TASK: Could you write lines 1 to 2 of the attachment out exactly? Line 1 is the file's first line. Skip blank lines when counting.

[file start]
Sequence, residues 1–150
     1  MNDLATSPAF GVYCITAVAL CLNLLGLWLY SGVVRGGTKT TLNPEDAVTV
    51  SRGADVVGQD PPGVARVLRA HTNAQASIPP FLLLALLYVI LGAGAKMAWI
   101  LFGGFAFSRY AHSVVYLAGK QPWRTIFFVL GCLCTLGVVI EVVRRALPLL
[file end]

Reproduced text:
Sequence, residues 1–150
     1  MNDLATSPAF GVYCITAVAL CLNLLGLWLY SGVVRGGTKT TLNPEDAVTV